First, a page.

A legend in his own mind, Laird does not think he is too good for work, he thinks he is too good to quit. This persistent quality has cost him a wife, and perhaps his family. "My dad wants me to go back to school and get a job," says Laird. "I told him that I was too young for school, and I already have a job—15 miles a day." His mother and father, retired and living in Ashtabula, Ohio, refuse to watch him perform in the Olympics. They have not seen him in years and do not know where he lives. Told recently that Ron was in San Francisco, the elder Laird neglected to inquire how his son was faring. "It's hard to tell you anything about Ronnie," says Arthur Laird. "I guess he told you he was in the Guinness book. I checked it out and saw it there. But at 40, what is the future for walking? All that effort has gone into it, and I don't know what it has amounted to."
"Quitting and getting a job? It would be the easiest way out," says Ron, "but I don't want to melt into the crowd and become the average guy. A lot of people think walking is some sort of big plaything for me. It might be that way in some Olympic sports, but not in race walking. Basically it's very boring, just a hell of a lot of hard work. There are times when I'm out training when I say to myself, 'I just can't do it anymore. Give it up. Get a job.' I look at my life, and it all seems so unreal, like a dream, something that never existed. Training, racing, the traveling around the world. The fear, the anxieties before a race. It never existed. It wasn't me. It's as if I look at it through somebody else's eyes. I was never a gifted athlete. It was all just hard work."
Hard work. But what has it amounted to? Over the years the race walker becomes inured to the question. Resentment is his crown of thorns. Once, while competing, walker Jim Hanley was attacked by a Los Angeles policeman who thought he had burglarized a nearby church. Laird has been hit in the chest by a thrown beer can and bitten by a German shepherd. In Eastern Europe the sport has an enthusiastic following and, as a group, the Mexicans have recently become the best in the world, but by and large race walkers are an endangered species. The world loves a runner, but even in airports a fast walker seems out of place, a bit too purposeful, aggressive and rude. Walking too quickly is one of the faults visitors pin on New Yorkers.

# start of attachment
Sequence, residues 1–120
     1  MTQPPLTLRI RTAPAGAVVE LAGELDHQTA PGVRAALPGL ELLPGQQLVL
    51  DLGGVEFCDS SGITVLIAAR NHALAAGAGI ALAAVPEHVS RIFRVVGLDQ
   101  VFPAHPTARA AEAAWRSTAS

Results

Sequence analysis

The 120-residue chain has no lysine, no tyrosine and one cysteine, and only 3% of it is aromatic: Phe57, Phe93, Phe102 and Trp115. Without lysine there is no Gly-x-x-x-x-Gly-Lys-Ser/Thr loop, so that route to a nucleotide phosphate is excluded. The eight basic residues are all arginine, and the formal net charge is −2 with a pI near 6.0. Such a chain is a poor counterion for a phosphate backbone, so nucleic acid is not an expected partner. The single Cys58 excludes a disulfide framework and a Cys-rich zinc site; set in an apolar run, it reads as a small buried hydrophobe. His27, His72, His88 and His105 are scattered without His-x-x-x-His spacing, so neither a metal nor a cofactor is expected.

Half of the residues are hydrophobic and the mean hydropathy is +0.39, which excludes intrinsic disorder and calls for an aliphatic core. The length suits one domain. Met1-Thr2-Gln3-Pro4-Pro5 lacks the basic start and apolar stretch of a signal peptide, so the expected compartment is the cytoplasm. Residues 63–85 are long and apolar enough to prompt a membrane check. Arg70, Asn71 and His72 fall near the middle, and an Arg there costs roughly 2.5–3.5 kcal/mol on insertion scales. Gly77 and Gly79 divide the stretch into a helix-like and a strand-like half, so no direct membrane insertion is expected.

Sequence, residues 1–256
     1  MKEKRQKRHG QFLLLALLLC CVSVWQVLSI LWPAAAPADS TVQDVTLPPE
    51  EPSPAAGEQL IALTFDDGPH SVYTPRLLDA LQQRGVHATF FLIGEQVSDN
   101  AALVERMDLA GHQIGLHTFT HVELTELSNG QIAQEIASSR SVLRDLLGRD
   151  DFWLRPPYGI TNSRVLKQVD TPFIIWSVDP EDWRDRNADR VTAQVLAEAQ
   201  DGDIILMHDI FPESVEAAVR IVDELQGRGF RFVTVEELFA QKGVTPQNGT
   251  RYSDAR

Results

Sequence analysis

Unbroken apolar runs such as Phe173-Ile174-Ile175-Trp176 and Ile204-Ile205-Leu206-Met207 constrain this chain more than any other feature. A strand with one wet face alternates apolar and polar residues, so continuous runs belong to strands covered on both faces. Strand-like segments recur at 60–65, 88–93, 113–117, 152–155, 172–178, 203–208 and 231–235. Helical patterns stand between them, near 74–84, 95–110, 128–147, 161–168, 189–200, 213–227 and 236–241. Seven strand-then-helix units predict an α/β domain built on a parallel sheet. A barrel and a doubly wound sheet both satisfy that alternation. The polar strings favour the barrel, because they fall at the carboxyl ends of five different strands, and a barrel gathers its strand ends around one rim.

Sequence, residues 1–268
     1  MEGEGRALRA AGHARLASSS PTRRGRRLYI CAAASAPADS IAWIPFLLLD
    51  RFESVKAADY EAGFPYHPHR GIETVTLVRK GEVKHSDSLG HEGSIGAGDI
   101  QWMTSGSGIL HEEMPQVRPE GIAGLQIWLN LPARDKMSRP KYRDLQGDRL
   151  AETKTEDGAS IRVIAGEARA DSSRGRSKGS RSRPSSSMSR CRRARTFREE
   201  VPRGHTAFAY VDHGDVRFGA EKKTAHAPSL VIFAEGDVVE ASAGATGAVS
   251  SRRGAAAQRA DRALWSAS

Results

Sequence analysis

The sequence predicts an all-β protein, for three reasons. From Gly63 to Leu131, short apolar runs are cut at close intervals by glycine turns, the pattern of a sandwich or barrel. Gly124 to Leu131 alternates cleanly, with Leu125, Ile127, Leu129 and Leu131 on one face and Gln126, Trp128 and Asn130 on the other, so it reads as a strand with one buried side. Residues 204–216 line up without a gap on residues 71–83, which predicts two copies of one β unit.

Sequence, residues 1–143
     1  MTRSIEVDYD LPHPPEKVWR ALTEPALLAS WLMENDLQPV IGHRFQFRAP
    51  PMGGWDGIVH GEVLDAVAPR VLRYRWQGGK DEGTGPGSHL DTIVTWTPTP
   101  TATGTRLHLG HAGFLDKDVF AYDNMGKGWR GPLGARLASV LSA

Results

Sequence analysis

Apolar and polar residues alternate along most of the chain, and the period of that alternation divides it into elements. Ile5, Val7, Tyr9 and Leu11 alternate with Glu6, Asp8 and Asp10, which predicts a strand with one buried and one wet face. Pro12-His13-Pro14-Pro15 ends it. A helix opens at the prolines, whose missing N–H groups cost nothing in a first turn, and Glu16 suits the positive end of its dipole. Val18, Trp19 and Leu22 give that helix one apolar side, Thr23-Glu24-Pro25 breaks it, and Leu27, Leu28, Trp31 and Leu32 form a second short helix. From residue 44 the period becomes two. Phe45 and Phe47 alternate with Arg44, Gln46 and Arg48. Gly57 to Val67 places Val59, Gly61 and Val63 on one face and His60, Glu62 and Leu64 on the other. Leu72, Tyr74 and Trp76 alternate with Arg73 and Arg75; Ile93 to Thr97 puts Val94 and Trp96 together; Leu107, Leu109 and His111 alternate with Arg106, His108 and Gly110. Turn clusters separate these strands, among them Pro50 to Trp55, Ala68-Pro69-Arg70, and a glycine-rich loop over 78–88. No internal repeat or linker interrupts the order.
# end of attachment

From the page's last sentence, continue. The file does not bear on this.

Race walking would appear to be easier than running, but in certain ways it is much more difficult. A runner can soar, but a walker is chained by regulations that say he must be in constant contact with the ground, and that he must straighten his supporting leg during each stride, which results in that familiar Mae West movement of the hips. While moving faster than joggers, walkers, like harness horses, are always fighting the inclination to break into a run—which confounds long-distance runners. It is far easier to run an eight-minute mile than it is to walk one. Laird's personal best for the mile is a 6:14.4, and at the last Olympics the quickest race walkers finished their 20-kilometer race in under 1� hours, a 7:15-per-mile pace.
Certain institutions—the armed services, the church, even prisons—provide protection and solace for some, and, after much time spent in them, the rest of the world becomes alien. Ron Laird puts on his uniform and perseveres, sometimes training 110 miles a week, doing 300 sit-ups daily, lifting weights, stretching tight muscles, agonizing through 21-day fasts, driving a car that needs to be pushed to make it run, being laughed at by women and children. But he is in the
Guinness Book of World Records. And unlike the people who litter Telegraph Avenue, Laird can see his future. It is Moscow, 1980.